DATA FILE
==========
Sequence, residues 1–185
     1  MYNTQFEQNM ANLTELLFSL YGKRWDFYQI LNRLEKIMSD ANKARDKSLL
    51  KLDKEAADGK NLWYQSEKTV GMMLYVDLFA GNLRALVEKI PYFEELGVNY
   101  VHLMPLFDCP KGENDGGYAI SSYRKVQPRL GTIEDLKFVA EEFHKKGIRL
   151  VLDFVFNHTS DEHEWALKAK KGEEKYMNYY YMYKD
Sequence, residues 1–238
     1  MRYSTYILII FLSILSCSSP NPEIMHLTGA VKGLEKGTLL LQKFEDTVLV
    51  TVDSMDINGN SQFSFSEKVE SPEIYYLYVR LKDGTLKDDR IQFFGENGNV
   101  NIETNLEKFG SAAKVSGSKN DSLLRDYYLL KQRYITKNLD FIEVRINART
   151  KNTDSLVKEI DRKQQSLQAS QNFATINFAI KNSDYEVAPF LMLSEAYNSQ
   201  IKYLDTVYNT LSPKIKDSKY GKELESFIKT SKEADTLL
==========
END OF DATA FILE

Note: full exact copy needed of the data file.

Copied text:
Sequence, residues 1–185
     1  MYNTQFEQNM ANLTELLFSL YGKRWDFYQI LNRLEKIMSD ANKARDKSLL
    51  KLDKEAADGK NLWYQSEKTV GMMLYVDLFA GNLRALVEKI PYFEELGVNY
   101  VHLMPLFDCP KGENDGGYAI SSYRKVQPRL GTIEDLKFVA EEFHKKGIRL
   151  VLDFVFNHTS DEHEWALKAK KGEEKYMNYY YMYKD
Sequence, residues 1–238
     1  MRYSTYILII FLSILSCSSP NPEIMHLTGA VKGLEKGTLL LQKFEDTVLV
    51  TVDSMDINGN SQFSFSEKVE SPEIYYLYVR LKDGTLKDDR IQFFGENGNV
   101  NIETNLEKFG SAAKVSGSKN DSLLRDYYLL KQRYITKNLD FIEVRINART
   151  KNTDSLVKEI DRKQQSLQAS QNFATINFAI KNSDYEVAPF LMLSEAYNSQ
   201  IKYLDTVYNT LSPKIKDSKY GKELESFIKT SKEADTLL